German officials today held a press conference to discuss the country’s first case of coronavirus, which was diagnosed last night in a man in Starnberg, Upper Bavaria (Pictured: Andreas Zapf, president of the Bavarian state office for health and food safety, and Bavarian health minister Melanie Huml)
Commenting on the person-to-person spread in Germany, Japan and Vietnam, University of Southampton researcher Dr Michael Head said: ‘The reported human to human transmission in Germany and Japan is unsurprising to see.
‘We will continue to see further similar cases outside of China, but the indications are at this stage that onwards transmission will be limited, so there will likely not be too many cases for example across Europe, and on a much lesser scale than we are seeing in China.’
WHERE HAS THE WUHAN CORONAVIRUS SPREAD TO?
The vast majority of confirmed infections of the Wuhan coronavirus (4,515 out of 4,585, as at 11.40am GMT on January 28) have been diagnosed in China.
But 17 countries or territories outside of the mainland have also declared infections:
- Germany: Four case confirmed, diagnosed January 27
- Sri Lanka: One case, diagnosed January 27
- Cambodia: One case, diagnosed January 27
- Canada: Two cases confirmed, first case January 25
- Australia: Five cases, first case January 25
- Malaysia: Four cases, first case January 25
- France: Three cases, first case January 24
- Nepal: One case, first case January 24
- Vietnam: Two cases, first case January 24
- Singapore: Five cases, first case January 23
- Macau: Five cases, first case January 22
- Hong Kong: Eight cases, first case January 22
- Taiwan: Eight cases, first case January 21
- USA: Five cases, first case January 20
- South Korea: Four cases, first case January 20
- Japan: Five cases, first case January 16
- Thailand: 14 cases, first case January 13
The University of East Anglia’s Professor Paul Hunter added: ‘The German case is most worrying because if the Chinese woman was indeed asymptomatic at the time of the training session it would confirm reports of spread before symptoms develop making standard control strategies less effective.’
The 33-year-old man in Germany caught the virus while at a training session hosted by a female colleague from China, who later became ill while she was flying home. She had reportedly visited her parents in Wuhan.
Health officials in Germany are now checking some 40 people that the two infected workers came into contact with, including colleagues and family members.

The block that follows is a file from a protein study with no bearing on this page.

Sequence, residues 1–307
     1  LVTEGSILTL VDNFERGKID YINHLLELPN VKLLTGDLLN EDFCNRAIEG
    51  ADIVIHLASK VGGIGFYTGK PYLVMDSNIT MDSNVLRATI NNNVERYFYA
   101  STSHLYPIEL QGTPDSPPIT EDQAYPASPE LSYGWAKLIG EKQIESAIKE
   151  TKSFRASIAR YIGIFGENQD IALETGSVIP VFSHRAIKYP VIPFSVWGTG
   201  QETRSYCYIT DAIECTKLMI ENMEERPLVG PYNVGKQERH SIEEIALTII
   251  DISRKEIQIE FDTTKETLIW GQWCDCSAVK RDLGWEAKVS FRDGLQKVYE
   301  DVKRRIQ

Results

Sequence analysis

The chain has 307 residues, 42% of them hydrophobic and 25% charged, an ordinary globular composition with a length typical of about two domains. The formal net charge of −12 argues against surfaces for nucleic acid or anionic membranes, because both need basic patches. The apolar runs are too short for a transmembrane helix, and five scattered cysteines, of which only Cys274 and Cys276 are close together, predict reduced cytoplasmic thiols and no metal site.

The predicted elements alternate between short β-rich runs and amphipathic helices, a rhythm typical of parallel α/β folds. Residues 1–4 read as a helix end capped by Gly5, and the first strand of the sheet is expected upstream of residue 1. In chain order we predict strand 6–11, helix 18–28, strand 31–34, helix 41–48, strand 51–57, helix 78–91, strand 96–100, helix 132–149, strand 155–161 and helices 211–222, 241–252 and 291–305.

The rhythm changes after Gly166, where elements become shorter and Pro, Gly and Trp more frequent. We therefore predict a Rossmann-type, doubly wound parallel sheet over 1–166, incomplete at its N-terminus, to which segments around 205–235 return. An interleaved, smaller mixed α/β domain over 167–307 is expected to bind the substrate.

The Wuhan coronavirus is now confirmed to have infected nearly 6,000 people around the world and to have killed 131 in China. Germany, Sri Lanka and Cambodia yesterday became the latest countries to declare cases.
A report written by an expert at the University of Toronto has said the ‘best case scenario’ is that the outbreak dies down after summer this year.
Toronto scientist Professor David Fisman, who wrote a report for the International Society for Infectious Diseases, said: ‘The best case scenario, you would have something… where we go through the spring into the summer, and then it dies down.’
Physicist Alessandro Vespignani, from Northeastern University in Boston, added: ‘It’s not something that’s going to end in the next week or the next month.’
Despite drastic efforts inside China to control the disease, cases are appearing in various corners of the world every day.
The Japanese taxi driver today raised the worrying prospect of the virus starting to spread inside other countries – until now international cases had been diagnosed in people who had caught it in China then travelled elsewhere.
‘If this is true then he might have been infected by tourists from Wuhan. And if so, this would be the first person-to-person transmission in Japan,’ a health ministry official told AFP.
Health Minister Katsunobu Kato said the country had confirmed two new cases, bringing the total so far in Japan to six.
Meanwhile, Hong Kong today resorted to a hardline transport shutdown to stop the virus – its chief executive, Carrie Lam, said at a press conference that the number of flights to and from the Chinese mainland would be halved.
She also said, in a press conference at which she wore a face mask, that high-speed trains and ferries would be stopped and that Hong Kong citizens in China should return home and isolate themselves for two weeks.
Workers at a treatment company in Yangzhou, China, work hard to cope with huge amounts of medical waste being produced during the outbreak
Medical waste is incinerated at a treatment plant in Yangzhou City, Jiangsu Province
Volunteers in Qingdao, Shandong, are seen spraying disinfectant into local businesses in a desperate attempt to stop the coronavirus